Properties of Technetium-99m
Technetium-99m is used because of its properties which have ideal characteristics for medical scanning:
- it has a very short half-life of 6 hours which is long enough to examine metabolic processes, yet short enough to minimise the radiation dose to the patient.
- it emits low energy gamma radiation that minimises damage to tissues but can still be detected in a person's body by a gamma ray sensitive camera
- it is quickly eliminated from the body
- technetium is reasonably reactive; it can be reacted to form a compound with chemical properties that leads to concentration in the organ of interest such as the heart, liver, lungs, bones or thyroid
- Technetium-99m decays by a process called "isomeric"; which emits gamma rays and low energy electrons. Since there is no high-energy beta emission the radiation dose to the patient is low.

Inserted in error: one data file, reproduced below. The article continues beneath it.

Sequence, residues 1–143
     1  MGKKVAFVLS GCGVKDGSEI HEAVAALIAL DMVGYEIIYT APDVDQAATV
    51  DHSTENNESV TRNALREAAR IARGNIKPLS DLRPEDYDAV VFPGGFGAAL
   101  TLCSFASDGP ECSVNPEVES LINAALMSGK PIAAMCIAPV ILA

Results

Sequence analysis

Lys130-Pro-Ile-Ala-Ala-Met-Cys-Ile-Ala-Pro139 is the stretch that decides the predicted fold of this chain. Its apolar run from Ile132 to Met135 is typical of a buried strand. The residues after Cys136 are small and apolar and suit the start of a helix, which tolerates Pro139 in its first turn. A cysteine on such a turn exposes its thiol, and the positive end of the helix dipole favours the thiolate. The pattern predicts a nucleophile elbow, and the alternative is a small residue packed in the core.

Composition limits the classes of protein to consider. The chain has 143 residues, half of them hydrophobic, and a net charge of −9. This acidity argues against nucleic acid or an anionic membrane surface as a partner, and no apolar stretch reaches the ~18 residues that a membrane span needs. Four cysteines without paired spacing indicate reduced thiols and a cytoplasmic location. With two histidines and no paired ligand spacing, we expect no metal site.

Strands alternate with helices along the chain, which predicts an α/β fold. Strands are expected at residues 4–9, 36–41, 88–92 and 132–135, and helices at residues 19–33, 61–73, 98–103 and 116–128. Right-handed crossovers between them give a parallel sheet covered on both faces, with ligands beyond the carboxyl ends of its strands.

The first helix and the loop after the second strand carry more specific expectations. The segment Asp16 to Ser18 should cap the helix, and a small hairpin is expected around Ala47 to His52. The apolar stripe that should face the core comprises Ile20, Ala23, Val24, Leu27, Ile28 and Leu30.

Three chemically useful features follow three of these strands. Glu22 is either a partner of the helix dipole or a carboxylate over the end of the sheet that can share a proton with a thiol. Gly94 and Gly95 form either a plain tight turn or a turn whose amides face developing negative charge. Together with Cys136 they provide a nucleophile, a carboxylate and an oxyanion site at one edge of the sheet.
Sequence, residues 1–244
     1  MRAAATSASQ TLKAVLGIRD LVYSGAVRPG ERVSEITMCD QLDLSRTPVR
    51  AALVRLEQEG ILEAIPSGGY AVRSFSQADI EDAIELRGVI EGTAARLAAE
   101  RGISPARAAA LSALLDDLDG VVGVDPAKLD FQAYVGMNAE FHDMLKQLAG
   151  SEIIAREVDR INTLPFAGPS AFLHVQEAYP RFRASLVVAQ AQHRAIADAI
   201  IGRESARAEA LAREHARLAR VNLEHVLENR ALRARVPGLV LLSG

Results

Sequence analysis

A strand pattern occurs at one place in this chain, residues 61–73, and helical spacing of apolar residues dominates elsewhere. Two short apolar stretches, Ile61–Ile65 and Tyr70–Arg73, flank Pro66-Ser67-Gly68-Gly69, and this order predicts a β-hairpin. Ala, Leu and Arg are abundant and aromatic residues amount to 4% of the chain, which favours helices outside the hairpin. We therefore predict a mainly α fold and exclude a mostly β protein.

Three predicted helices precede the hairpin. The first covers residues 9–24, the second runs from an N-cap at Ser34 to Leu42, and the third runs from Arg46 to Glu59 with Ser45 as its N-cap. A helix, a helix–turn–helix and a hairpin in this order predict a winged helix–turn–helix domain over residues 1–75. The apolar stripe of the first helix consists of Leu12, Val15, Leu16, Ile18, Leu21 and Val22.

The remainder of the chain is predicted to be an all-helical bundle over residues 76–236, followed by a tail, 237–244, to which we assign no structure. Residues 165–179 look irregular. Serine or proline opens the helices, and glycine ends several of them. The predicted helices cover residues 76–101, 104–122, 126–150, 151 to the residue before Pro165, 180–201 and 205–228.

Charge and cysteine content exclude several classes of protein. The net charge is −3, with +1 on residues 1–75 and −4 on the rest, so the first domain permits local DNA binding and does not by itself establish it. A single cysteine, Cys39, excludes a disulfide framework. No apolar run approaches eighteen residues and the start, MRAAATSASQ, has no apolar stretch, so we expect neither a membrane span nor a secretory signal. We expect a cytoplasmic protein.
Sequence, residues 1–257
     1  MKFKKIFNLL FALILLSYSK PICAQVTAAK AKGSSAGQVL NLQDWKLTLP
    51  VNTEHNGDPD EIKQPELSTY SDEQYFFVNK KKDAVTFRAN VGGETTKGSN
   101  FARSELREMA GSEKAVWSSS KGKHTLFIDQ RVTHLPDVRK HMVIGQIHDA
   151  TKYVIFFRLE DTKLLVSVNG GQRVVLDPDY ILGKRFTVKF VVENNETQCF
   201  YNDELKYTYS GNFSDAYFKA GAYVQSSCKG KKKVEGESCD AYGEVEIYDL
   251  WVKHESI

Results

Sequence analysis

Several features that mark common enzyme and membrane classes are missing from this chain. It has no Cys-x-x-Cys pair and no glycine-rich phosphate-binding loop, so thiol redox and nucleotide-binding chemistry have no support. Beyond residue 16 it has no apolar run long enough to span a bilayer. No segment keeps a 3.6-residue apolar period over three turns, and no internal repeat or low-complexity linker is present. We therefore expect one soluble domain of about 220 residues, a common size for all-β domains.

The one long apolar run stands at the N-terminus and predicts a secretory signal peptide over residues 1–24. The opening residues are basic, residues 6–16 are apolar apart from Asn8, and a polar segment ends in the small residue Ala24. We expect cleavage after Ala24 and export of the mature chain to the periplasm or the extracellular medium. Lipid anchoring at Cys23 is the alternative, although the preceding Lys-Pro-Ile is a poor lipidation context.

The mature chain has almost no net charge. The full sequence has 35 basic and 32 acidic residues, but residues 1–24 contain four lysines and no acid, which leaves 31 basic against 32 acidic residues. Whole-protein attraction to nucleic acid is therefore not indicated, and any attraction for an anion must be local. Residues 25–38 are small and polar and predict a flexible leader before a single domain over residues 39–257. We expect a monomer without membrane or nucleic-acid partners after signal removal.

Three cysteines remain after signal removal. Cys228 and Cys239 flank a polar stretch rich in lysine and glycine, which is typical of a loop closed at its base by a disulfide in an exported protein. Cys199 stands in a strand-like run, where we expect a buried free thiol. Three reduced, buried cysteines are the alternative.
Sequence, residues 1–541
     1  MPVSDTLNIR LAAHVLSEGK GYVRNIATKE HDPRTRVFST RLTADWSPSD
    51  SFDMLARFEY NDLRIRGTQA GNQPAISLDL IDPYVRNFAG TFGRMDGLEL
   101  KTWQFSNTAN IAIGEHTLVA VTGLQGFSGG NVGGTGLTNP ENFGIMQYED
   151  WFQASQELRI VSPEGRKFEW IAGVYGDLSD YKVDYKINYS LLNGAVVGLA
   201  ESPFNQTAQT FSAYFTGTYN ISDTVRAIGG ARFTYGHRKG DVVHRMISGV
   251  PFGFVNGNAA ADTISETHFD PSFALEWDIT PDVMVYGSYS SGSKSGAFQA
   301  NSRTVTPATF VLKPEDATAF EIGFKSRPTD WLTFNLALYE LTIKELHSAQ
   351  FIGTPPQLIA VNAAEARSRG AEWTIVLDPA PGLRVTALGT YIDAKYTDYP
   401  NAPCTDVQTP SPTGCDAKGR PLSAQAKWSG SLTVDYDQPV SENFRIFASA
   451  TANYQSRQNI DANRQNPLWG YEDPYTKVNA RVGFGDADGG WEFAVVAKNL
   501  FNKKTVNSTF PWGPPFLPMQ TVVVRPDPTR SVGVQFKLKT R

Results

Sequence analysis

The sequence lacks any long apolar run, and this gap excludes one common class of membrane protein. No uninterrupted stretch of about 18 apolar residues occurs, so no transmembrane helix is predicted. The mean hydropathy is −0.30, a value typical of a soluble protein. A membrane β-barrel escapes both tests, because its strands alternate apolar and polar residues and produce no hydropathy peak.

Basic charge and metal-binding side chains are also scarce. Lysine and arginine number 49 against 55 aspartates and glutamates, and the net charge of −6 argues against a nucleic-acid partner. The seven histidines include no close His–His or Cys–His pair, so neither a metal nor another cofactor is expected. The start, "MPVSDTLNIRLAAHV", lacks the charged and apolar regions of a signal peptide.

- The low energy gamma rays it emits easily escape the human body and are accurately detected by a gamma camera.
- The chemistry of technetium is so versatile it can form tracers by being incorporated into a range of biologically-active substances to ensure that it concentrates in the tissue or organ of interest.
- Tc-99m can be changed to a number of oxidation states. This enables production of a wide range of biologically active chemicals. The Tc-99m is attached to a biological molecule that concentrates in the organ to be investigated.
- The short half-life of the isotope allows for scanning procedures that collect data rapidly.
- The fact that both its physical half-life and its biological half-life are very short leads to very fast clearing from the body after an imaging process.
- A further advantage is that the gamma is a single energy, not accompanied by beta emission, and that permits more precise alignment of imaging detectors.